Some parents of children on the autism spectrum are urging the Alberta government to approach therapy service providers to allow their children to have in-person therapy again.
When in-person therapy and school came to a halt in March because of the pandemic, it had a profound impact on families who have children with special needs.
“The lack of school and the lack of therapy in combination at once meant we saw a lot of behavioural regressions,” said Melissa Morrison, who has a six-year-old son on the autism spectrum who has severe global developmental delays.
“We struggled as a family to maintain any sort of rhythm.
“He resorted to behaviours like not sleeping at night and things that really have a significant impact on our family,” Morrison said.
Morrison tried the government-funded online therapy sessions but she said that didn’t work for Hudson’s high needs.
“If you are asking him to sit down in front of a TV screen for an hour or two it’s really asking the impossible so it just didn’t work for us,” Morrison said.
Families of children with disabilities receive provincial funding for critical therapy. They have a choice of either going with an array of government-approved agencies for treatment or assembling their own team of professionals.
Morrison said the problem with parents finding their own therapists is that they often end up paying a significant amount of the cost out of pocket.
But she said some of the private teams have been providing in-person service — something Morrison said she wasn’t able to get with her agency or any other agencies.
“If the government’s position is that we are able to have kids return to school, this needs to follow in line with that position and it just hasn’t,” Morrison said.
Morrison is asking the provincial government to start talks with therapy providers to help bring back in-home sessions as safely as possible.
“What I have asked is for is at least to open the dialogue with the agencies around what their perceived risk concerns are and if there is a way to mitigate those risks.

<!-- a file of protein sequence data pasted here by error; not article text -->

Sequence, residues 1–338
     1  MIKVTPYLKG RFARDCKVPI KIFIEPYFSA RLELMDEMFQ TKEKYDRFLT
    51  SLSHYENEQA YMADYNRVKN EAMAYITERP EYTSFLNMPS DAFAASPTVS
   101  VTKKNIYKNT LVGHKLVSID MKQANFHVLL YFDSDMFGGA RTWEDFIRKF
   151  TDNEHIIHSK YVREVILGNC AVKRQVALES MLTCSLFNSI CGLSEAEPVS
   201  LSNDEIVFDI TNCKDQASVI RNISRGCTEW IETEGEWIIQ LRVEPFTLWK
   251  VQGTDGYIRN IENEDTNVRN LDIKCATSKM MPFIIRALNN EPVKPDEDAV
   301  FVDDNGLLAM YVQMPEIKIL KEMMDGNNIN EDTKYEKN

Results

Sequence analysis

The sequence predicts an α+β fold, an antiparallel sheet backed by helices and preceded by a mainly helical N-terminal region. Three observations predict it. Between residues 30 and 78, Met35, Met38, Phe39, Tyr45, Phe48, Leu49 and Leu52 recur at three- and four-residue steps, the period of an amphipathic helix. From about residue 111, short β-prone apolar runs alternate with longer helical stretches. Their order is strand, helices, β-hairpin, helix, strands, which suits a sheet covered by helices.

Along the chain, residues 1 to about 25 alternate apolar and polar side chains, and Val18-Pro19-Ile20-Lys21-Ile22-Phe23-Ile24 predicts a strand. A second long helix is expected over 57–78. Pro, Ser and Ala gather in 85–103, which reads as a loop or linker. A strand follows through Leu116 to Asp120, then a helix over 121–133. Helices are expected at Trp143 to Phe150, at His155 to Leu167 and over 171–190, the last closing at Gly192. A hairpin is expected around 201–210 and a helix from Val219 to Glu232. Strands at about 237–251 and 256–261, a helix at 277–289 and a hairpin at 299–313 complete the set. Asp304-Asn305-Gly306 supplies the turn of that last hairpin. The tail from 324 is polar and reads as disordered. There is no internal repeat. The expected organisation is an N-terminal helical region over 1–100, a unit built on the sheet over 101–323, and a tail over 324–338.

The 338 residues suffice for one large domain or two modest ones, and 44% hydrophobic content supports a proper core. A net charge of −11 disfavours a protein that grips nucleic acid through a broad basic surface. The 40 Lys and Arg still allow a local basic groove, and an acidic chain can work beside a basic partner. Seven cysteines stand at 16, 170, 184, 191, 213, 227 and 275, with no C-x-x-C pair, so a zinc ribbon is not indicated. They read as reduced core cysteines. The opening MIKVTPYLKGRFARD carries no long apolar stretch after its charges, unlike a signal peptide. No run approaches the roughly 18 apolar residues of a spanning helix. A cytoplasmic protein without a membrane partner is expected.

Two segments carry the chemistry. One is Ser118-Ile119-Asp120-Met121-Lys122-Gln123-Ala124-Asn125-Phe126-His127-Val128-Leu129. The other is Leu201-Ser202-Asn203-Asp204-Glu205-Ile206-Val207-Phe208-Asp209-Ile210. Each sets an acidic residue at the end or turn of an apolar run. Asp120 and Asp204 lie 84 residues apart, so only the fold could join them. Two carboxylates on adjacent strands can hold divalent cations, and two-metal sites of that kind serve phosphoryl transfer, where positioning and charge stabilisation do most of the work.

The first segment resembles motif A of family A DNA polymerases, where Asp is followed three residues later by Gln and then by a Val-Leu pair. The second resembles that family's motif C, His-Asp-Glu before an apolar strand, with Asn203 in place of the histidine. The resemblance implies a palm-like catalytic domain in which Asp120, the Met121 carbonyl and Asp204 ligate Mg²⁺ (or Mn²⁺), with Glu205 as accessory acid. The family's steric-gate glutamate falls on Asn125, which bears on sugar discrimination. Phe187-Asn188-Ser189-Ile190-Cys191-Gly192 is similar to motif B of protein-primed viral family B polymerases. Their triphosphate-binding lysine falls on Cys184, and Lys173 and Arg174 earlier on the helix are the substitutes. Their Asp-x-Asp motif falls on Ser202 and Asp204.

“There has to be a way to find a risk-mitigated approach to getting kids the therapy they need because these are kids who, for the most part, are in that very critical early intervention phase of their life where you need to get to them now or it just snowballs in terms of their issues later on,” Morrison said.
The organization that was providing therapy to Hudson told the family that its position has not changed and it will continue providing support online.
A spokesperson for Community and Social Services Alberta, the provincial ministry responsible for the funding, said money is provided for parents to work with service providers of their choice and allow families to work with providers they feel best meet the unique needs of their child and family.
“We do not have the ability to mandate providers to offer in-person services.
“It is the discretion of the service provider and their college/regulatory body to establish the methods in which they will provide service,” said Jerry Bellikka, spokesperson and senior advisor to the minister of Community and Social Services, in a statement.
Austism Calgary says timely, early intervention is critical.
“We are seeing an increasing number of service providers who are finding unique ways to provide in-person therapy sessions,” said Autism Calgary executive director Lyndon Parakin.